Team A (Joseph, John, Anna, Jesse, and Mary) saw wonderful progress and made Harvard’s summit at 7:20 local time. Pretty amazing! They enjoyed a cold and windy but beautiful summit. The clouds and sunrise made for a dramatic light show that morning.

This doesn't look so hard, but actually they had to climb a rock that required you to hold on, and if you let go, well, you don't want to go there!

This doesn’t look so hard because the picture doesn’t show the exposure to the right, but just below the summit they had to scramble a rock which proved to be one of the more interesting places of the climb.

Way to go, y'all!
Way to go, y’all!



After consulting the weather and deciding it didn’t look prohibitive, they decided to start the traverse.

IMG_7896They were one member short as John decided to head back and do some work in town. On John’s way off the summit, he made a new friend (check the picture).

Talk about a selfie! I guess the goat got the memo too.
Talk about a selfie! I guess the goat was pretty pleased too.

Meanwhile, Team B (Dad, Mom, and I) began the steep trek up one of Columbia’s slopes. It did look daunting, but we knew that step by step, we’d make progress. As we climbed, a young lady caught up to us, and we enjoyed talking. Then, she went ahead. She disappeared after awhile, which meant our path wound around the mountainside. Due to the loose rock (also known as scree), it made the climb unpleasant. I knew if it wasn’t pleasant going up, it wouldn’t be pleasant going down. But that part didn’t have to be faced at the moment. As we climbed higher, the wind grew stronger.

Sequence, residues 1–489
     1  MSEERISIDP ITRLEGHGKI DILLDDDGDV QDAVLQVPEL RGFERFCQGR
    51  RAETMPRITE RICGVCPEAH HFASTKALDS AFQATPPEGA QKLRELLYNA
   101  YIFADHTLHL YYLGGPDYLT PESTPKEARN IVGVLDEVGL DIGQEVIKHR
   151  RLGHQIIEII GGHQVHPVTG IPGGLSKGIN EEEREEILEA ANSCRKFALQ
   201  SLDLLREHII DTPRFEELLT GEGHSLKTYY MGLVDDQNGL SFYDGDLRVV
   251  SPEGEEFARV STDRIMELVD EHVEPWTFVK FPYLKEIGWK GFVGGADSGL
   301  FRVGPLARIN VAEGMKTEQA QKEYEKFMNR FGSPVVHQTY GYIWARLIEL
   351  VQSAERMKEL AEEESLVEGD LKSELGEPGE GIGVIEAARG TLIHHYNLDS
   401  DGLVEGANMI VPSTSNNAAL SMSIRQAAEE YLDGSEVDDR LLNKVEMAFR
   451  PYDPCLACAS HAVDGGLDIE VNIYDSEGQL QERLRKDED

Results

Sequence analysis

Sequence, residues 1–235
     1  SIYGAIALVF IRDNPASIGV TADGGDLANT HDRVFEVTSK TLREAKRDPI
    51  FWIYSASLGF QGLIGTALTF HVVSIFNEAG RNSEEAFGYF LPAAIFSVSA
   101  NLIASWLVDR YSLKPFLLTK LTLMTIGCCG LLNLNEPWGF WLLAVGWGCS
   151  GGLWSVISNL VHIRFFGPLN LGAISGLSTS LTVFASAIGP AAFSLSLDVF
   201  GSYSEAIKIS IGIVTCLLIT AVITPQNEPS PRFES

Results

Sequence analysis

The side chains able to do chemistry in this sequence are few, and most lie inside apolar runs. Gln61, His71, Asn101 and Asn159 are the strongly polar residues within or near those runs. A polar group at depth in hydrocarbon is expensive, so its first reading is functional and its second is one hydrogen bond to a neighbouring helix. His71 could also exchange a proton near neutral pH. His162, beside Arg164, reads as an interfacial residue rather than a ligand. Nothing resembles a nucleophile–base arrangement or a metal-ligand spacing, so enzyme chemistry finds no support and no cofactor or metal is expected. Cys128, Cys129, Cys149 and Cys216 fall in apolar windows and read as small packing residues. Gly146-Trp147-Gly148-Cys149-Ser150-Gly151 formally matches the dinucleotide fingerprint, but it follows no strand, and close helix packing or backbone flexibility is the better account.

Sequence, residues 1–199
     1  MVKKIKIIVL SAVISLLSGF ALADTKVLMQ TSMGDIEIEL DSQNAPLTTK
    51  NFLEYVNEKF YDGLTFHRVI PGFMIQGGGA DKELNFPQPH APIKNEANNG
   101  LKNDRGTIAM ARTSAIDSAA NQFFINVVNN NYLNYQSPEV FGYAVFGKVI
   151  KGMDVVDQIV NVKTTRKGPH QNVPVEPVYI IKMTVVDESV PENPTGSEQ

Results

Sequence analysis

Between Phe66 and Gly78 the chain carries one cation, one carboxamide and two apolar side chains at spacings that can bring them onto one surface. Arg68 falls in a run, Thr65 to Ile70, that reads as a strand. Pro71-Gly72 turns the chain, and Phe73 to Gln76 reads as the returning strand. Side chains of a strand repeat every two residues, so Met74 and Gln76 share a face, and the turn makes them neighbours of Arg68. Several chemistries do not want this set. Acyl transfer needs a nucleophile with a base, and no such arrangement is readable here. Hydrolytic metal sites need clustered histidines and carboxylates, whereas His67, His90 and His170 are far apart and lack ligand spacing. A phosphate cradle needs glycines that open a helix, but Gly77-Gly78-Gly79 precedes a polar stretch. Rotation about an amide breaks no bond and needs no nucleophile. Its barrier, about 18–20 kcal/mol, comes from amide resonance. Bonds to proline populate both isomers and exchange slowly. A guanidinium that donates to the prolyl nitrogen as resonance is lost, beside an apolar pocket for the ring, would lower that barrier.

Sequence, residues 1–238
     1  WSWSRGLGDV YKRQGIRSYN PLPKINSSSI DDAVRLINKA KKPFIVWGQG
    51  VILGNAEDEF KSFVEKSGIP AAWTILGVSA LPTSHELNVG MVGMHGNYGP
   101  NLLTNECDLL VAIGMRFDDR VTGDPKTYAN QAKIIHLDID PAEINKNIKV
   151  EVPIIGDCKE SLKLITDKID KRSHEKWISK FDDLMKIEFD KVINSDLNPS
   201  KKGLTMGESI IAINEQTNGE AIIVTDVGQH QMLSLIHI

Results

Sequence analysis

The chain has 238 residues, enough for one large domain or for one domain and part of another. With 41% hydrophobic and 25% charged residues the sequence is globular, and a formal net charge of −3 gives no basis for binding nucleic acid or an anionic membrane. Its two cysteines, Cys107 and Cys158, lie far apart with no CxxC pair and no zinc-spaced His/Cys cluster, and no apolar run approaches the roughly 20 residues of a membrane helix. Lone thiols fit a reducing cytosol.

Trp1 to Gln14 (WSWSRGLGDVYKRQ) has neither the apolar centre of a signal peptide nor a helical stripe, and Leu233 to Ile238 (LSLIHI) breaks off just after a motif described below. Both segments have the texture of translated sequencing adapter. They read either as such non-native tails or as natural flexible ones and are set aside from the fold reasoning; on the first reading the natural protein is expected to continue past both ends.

Back to Team A. They were attempting to accomplish what is considered a rigorous mountaineer experience.

Here you see the traverse to Columbia. Yes, it’s that far off.

They followed the cairns and light trail which generally stayed to the right of the ridge. They then crossed to the left of the ridge and descended into the basin to avoid a section of the ridge that was practically impassable.


After they started descending towards the basin, route-finding became significantly more difficult. Cairns disappeared and there was certainly no semblance of a trail to follow. When they started traversing below the ridge, the terrain became rough and they found themselves scrambling across fields of boulders the size of cars.

In many ways the back side of ridge was a bit of a box as there was no easy way to continue descending into the valley, and the best way out was over Mt. Columbia (which wasn’t visible). This element, and the fact that thunderstorms were likely coming that afternoon as evidenced by the clouds starting to develop, made the lack of navigation quite disconcerting. They prayed and asked for the Lord’s wisdom as they pressed on. It was a stretching time for them, as it was an uncomfortable feeling not knowing for sure if they were on the right route.

This is the basic they descended into to avoid the ridge.
This is the basic route they descended into to avoid the ridge.
Here Columbia’s summit is easily visible before they descended into the basin. Notice how far off it still is?

After perhaps a 1/2 hour of scrambling and pushing on, they started coming across an (very) occasional cairn, which was an answer to prayer.

I’ll finish up with Part 3 sharing the summit stories.


“I sought the LORD, and he heard me,
and delivered me from all my fears.”
Psalms 34:4